Daylight in Buildings



Nicholas Morse


Karen King


University of New Mexico


United States


Project Description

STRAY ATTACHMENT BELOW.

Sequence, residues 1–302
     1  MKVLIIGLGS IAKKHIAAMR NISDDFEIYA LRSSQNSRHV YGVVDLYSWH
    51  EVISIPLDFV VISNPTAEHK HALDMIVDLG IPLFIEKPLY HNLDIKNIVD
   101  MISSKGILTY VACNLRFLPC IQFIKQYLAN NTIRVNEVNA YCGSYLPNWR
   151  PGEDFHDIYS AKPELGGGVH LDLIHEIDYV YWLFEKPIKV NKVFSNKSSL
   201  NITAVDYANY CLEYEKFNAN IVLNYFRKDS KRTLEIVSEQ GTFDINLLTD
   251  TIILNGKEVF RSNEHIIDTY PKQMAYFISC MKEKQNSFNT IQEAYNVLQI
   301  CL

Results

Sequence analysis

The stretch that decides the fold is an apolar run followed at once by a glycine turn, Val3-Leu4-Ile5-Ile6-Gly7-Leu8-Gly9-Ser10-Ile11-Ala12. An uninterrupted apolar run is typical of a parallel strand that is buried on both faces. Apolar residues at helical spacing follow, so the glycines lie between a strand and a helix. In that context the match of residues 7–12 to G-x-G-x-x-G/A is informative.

CLEAN WATER FOR THE PEOPLE OF MUMBAI Nicholas Ashton Morse // Daylight Investigations // Summer 2020 With nations constantly evolving and pushing for the edge of modernity, poorly managed industrialization and civic inequalities have led to the neglect of our everyday environments. Mumbai, India is such a place that has found its everyday necessities like fresh air and clean water being compromised. 60% of Mumbai’s population lives in inadequate housing without sufficient infrastructure for proper waste management, which has led to the Mithi River and its tributaries being heavily polluted to the point of turning their waters black. Governing bodies and numerous locals of Mumbai have realized the need to engage this issue and have implemented various tactics, such as shutting down industrial waste dumping, collecting trash from the waterways, and building controversial concrete retaining walls along the water’s edge; but at this point, the river resurrection plan is considered poorly implemented and far from completion. One way of addressing Mumbai’s need for clean water is through the use small-scale remedial solutions that require little, to no energy from the grid to operate. Considering the abundance of sunlight India receives annually, solar-based remediation offers a highly plausible, low-operational cost intervention that can produce clean water for daily usage, as well as improve the Mithi River’s overall water quality and Mumbai’s civic health. Having been around for many years, solar stills have been able to produce fresh water in many questionable circumstances, and without the need for electricity, they allow for remediation to occur without further burdening Mumbai’s energy needs. Using sunlight to evaporate clean water from the polluted river and directing that clean water to a fresh-water delivery system, people are able to fill containers with potable water they can use at home for consumption and cooking. Excess fresh water produced shall be returned back into the Vakola Nala, which leads into the Mithi River thus helping to dilute its overall level of contamination. This excess water is also directed to an adjacent garden, which grows bamboo for local residents to utilize as building materials and textiles. Continuously growing bamboo, which is reliant upon solar access, also helps to sequester carbon and convert carbon dioxide into clean air for all those nearby. This intervention is constructed from locally resourced bamboo. Laminated bamboo is used to create its structural framework and woven bamboo strips are used to clad its shell. Optimally angled glazing allows direct solar-heat gain to occur within a main chamber used to slow the movement of water. This slowing chamber allows water enough time to absorb enough solar radiation to evaporate. As the water becomes gaseous, it moves vertically upwards due to stratification, detaching itself from various harmful contaminants. As it moves upward, the water vapor collects upon the bottom side of the glazing where it condenses. After enough condensation is amassed, gravity pulls the clean water down the sloped glazing to a collection trough, which directs it to the delivery trough. To pass into the delivery trough, the fresh water must fall through an active carbon filter, which removes unwanted odors and flavors, and an ultrafilter, which removes 99.9% of viruses, bacteria, parasites, and microplastics. At this filtration point, water flow is throttled, and excess water produced at a rate faster than what can be filtered is released back into the Vakola Nala. Water that reaches the delivery trough is directed to a delivery point where people can fill their personal containers. Excess water from the delivery trough shall be directed into an adjacent bamboo garden that functions as the chamber’s northern cladding. The glazed-roof chamber performs as a greenhouse aiding the bamboo’s growth. Beyond being a material for nearby residents to utilize, the bamboo grown within this garden also serves as material to maintain and repair this intervention as it ages. To further assist with water treatment, a phytoremediation island is placed within the chamber, as well. Knowing that this intervention only tackles a small fraction of the much-needed remediation of Mumbai’s water, it lends itself to stir conscientious design implementations that together hold the potential to greatly impact the quality of life for so many. Using time-tested, low-energy techniques that tap into natural resources, such as the abundant sunlight of India, to overlap and provide higher levels of performativity capable of satiating various civic needs is a must; and solar-based remediation techniques are readily available, versatile, and impactful.